Wallace preferred to think of it as independence. Running ground operations from orbit was risky, because naval staff didn't always have the full picture. It was better in his opinion for ground commanders to be given more leeway, allow them to use the facts at their disposal for their judgement. It also removed the bureaucracy that the Unified Earth Government always kept trying to foist on the military, for "safety" reasons.

He just wished it was up to someone else.

He was commander of Assault Group Gamma, a full two squads including his own. He was barely a Staff Sergeant, and the Colonel had still designated him as Charlie Platoon's commanding officer for this mission. Usually it would be a Lieutenant or a Captain, but their previous commander had been killed a while back, on Unmoving Virtue against Brute forces. They hadn't been able to replace him, and so Sergeant Grant Wallace had been promoted to Staff Sergeant and given command.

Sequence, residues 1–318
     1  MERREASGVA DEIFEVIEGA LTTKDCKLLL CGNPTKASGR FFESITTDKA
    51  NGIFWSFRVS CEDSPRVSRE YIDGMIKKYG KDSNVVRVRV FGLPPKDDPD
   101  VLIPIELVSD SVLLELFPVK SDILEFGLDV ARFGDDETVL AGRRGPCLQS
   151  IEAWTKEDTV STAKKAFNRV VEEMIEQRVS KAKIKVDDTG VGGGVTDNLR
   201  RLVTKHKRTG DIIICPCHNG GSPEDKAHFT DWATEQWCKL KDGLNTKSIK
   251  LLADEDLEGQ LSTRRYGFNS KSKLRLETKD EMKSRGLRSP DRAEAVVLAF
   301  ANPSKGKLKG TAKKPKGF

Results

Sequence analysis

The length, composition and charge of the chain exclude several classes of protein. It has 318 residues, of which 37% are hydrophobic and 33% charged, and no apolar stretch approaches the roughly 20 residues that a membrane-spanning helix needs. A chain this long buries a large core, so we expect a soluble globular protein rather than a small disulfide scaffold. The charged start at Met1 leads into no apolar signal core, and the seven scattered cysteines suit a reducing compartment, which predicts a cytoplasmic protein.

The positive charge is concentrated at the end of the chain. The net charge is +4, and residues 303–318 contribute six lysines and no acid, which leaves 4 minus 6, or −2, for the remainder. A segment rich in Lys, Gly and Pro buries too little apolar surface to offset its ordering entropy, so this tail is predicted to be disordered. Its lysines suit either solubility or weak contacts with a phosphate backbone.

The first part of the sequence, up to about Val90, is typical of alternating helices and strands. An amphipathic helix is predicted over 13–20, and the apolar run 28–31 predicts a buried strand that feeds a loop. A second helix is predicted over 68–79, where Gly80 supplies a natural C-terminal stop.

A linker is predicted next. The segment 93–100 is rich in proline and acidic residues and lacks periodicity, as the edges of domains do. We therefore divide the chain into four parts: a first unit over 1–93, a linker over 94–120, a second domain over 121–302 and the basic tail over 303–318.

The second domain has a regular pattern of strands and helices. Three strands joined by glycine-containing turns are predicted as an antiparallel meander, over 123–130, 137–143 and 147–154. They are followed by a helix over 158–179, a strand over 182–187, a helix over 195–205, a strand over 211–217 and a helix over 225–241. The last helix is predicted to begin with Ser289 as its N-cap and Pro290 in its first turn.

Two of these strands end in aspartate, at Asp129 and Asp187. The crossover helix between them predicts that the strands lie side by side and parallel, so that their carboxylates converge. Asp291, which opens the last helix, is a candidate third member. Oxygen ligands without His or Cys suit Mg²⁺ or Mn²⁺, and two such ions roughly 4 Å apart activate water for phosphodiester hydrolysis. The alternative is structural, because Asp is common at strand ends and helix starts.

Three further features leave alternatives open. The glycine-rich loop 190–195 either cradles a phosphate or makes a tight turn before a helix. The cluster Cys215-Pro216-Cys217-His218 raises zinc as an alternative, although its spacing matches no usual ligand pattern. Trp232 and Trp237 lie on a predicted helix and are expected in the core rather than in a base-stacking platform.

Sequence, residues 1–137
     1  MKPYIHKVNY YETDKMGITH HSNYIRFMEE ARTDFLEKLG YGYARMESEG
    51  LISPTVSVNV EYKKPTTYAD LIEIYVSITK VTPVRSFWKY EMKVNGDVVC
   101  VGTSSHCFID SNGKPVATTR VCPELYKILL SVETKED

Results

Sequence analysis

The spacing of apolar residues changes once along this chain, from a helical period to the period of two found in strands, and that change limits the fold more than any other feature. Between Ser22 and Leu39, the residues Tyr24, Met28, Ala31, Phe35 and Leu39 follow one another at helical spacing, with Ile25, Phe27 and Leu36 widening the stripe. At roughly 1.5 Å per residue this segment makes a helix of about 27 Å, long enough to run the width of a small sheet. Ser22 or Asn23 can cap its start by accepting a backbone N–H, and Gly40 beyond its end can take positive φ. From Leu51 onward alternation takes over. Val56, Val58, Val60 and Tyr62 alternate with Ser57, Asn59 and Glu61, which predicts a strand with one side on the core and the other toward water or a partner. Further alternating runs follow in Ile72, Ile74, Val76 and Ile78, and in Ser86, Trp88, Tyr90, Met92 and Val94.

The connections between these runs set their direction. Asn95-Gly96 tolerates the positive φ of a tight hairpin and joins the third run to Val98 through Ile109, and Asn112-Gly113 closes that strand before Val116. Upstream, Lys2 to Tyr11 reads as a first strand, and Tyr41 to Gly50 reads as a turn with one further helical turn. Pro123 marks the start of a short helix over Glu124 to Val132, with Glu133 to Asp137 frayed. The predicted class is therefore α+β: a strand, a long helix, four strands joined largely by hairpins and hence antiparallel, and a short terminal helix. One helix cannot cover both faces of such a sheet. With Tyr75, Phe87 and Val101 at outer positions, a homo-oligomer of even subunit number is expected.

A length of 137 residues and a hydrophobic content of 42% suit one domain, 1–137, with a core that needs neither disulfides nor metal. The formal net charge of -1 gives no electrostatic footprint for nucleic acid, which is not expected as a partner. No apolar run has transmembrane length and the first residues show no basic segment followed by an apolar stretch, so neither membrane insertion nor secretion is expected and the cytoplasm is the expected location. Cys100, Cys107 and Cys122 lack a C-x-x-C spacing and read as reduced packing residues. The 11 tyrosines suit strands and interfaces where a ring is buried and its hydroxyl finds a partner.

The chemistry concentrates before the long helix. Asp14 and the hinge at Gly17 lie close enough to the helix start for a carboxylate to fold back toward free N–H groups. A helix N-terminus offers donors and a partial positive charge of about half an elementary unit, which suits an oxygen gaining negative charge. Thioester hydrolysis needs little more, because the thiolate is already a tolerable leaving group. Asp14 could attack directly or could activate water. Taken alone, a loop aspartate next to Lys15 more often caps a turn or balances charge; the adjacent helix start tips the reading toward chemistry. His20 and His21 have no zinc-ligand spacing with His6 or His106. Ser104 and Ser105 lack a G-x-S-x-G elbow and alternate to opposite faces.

Their job was much harder than Alpha or Gamma – they were the group that got to attack the main objective itself. Hence the larger size, and the four Warthogs. He'd meant to land further to the north-west, closer to the objective. His pod must have drifted off course – that happened sometimes, even with STARS guiding it in. He sighed, heaved his gear onto his back, and grabbed his SMG.

"You lost, stranger?"

Wallace jumped, brought his weapon up as he turned – and then lowered it as he saw a familiar face.

"Jeez, Vasquez, didn't your parents teach you not sneak up on people!"

The other ODST grinned underneath her transparent faceplate. "Guess they skipped that lesson."

Vasquez was his second in command – still a corporal, but with more field experience than the rest of the unit combined. She'd been a late transfer from the Marine Corps – they both had. They'd already fought the Covenant on seven worlds before they'd been approved for the Helljumpers – and even then, only barely.

She hopped briskly down from the boulder she was standing on, battle rifle held loosely at her side. She was a little short for a Helljumper, but more than made up for it by being a mean bitch in a fight, able to make a man in half with her pinkie. He'd seen her in a bar fight once – the look of glee as she took on four big, hulking soldier's who'd insulted her had frightened him. But there was nobody else he'd rather have fighting next to him.